Raisel Iglesias, even with all of his struggles he has had this season, has an ERA of 2.97 as I type this sentence.

It was Bark in the Park at Great American Ball Park tonight. And during the Hometown Heroes segment at the park, the team honored Cello, a military dog. And it was awesome.

Up Next for the Cincinnati Reds

Houston Astros vs Cincinnati Reds

Tuesday June 18th, 7:10pm

Justin Verlander (9-2, 2.41 ERA) vs. Anthony DeSclafani (3-3, 4.43 ERA)

73 Responses

  1. RedsMonk65

    Facing Verlander tomorrow would have been even tougher had the Reds lost this one. Good win — hopefully, more to come!

  2. matt hendley

    Peraza has also been almost exclusively used against LHP whenever possible. Has no position, the defense has not improved from last year. a good third of the hits are also of the no EV no power variety. Blandino is the Better option. This would have been a shutout without his (error) even though you can’t assume the DP. , Reds fans have been patient enough on him.

    • Steven Ross

      Blandino is a better option than Peraza? Really. Peraza was tied for 9th in the Major leagues in hits last year with 182. Not the NL, but Major Leagues. You sure Blandino is a better option? Maybe you should be a little more patient with Peraza.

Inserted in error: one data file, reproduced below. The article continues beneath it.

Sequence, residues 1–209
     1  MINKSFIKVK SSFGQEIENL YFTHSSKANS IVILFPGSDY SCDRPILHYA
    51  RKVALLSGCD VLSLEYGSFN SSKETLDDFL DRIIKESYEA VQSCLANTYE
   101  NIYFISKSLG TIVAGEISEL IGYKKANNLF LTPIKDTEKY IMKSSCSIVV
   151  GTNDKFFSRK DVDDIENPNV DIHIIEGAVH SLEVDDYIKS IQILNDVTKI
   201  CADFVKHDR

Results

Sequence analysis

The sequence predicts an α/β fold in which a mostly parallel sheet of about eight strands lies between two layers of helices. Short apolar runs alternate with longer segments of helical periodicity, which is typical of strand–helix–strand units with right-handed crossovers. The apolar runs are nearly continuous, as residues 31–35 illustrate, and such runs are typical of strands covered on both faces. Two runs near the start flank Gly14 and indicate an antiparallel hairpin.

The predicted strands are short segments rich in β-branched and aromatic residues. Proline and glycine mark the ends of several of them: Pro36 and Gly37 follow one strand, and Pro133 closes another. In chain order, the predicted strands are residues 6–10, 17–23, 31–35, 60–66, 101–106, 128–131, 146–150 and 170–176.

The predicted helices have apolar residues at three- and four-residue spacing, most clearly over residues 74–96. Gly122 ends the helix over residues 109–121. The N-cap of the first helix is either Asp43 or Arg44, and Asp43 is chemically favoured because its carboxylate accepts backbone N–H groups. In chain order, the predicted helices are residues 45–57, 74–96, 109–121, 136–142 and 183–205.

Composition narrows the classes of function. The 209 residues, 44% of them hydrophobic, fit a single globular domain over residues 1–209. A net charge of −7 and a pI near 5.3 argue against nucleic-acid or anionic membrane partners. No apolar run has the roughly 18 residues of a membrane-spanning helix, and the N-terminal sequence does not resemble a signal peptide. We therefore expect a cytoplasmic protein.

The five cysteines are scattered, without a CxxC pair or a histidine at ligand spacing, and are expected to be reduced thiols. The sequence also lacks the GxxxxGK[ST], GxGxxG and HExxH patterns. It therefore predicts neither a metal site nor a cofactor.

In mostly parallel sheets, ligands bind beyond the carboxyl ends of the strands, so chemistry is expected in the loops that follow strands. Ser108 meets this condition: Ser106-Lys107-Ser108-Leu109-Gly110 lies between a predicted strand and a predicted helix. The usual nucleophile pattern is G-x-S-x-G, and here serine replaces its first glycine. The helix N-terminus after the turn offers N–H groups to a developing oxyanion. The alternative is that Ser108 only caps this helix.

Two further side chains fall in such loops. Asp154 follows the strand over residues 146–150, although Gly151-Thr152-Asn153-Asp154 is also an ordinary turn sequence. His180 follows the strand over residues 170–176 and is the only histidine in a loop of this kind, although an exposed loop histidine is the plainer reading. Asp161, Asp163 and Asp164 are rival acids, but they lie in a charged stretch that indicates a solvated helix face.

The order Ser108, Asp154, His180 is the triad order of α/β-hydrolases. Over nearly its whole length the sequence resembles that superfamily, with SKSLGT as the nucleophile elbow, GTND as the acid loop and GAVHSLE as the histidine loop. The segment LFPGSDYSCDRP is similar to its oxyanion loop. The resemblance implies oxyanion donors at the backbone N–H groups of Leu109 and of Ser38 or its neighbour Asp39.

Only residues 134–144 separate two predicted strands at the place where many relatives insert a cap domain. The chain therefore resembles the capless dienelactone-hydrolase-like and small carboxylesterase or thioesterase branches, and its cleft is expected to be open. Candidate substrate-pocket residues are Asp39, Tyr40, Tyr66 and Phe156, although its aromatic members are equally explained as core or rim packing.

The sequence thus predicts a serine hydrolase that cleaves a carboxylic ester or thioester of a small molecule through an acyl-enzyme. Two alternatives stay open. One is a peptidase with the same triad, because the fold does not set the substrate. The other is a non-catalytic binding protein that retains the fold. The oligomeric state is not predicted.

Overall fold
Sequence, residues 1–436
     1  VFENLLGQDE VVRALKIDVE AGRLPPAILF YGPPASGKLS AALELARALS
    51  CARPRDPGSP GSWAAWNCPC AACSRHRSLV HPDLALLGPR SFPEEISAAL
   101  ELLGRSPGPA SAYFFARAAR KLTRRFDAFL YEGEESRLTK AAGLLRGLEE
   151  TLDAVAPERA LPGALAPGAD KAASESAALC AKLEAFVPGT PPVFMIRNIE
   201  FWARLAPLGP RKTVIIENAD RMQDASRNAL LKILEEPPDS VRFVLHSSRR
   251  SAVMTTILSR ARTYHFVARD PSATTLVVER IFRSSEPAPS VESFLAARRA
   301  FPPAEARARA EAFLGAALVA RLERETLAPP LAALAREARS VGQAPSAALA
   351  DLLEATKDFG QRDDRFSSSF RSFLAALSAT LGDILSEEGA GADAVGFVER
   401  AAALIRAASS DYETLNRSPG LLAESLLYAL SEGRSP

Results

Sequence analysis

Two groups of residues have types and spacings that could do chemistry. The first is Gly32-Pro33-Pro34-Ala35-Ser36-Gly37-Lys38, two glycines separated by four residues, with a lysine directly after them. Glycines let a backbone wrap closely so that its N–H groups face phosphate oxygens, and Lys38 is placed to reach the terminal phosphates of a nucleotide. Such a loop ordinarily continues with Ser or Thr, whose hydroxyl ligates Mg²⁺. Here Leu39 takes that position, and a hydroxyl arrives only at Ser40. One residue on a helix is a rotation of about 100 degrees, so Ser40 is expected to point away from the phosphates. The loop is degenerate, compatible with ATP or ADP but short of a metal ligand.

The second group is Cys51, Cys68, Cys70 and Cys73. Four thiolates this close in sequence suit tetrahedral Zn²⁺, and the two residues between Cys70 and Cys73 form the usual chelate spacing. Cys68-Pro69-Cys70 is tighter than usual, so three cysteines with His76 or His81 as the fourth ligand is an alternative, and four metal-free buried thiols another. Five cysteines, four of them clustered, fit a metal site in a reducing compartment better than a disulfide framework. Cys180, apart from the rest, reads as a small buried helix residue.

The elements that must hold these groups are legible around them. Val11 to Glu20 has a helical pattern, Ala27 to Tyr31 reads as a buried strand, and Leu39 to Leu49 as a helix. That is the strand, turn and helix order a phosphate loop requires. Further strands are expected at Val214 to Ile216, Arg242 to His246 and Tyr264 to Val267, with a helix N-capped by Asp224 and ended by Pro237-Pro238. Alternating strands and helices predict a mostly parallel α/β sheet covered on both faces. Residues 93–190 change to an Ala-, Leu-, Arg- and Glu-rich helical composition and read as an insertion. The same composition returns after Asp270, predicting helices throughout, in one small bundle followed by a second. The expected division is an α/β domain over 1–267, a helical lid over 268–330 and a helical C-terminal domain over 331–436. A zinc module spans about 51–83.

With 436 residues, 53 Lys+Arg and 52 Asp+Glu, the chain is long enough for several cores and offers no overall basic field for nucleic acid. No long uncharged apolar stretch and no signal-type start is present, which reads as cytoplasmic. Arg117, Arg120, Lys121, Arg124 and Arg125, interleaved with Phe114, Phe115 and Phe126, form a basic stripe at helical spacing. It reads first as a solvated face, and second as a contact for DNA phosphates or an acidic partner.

• RojoBenjy

        It’s June 18.

        This Major League Ball Club is allegedly trying to win games.
        This is not Joey Votto that has a multi-year history of rebounding from funks. This is Jose Peraza with one season that stands out. The rest is the same.
        Jose Peraza is not getting it done. Tonight he was harmful to the cause. He had 2 hits, but no runs scored and no RBI.

        Patience is waiting four years. His time is up.

        Patience is waiting through 5 seasons of Reds losing. Peraza is not the future. He was Jocketty’s guy. Let it go.

      • Rich H

        I’m going to try to coherently and dispassionately express my problem with many Jose Peraza hot takes out there; many detractors seemingly cannot look at his career numbers and make a reasonable argument based on the data. He got a cup of coffee with the Dodgers in 2015. He got between a third and half a season worth of at bats for the Reds in 2016, with a .762 OPS. He started about 3/4 of a season in in 2017 with a .622 OPS. He started a full season last year with a .742 OPS at 24 (an 85 OPS+ through those three seasons). He’s played a third of a season this year with a .602 OPS. There are rough numbers, there are good numbers there, but at 25 you simply cannot label a player like that as bad, or done. A couple of recent former Reds organization SS numbers.

        Zack Cozart’s OPS, in his first three full seasons, were .687, .665, and .568 (75 OPS+). He ended that stretch at 29 years old in 2014.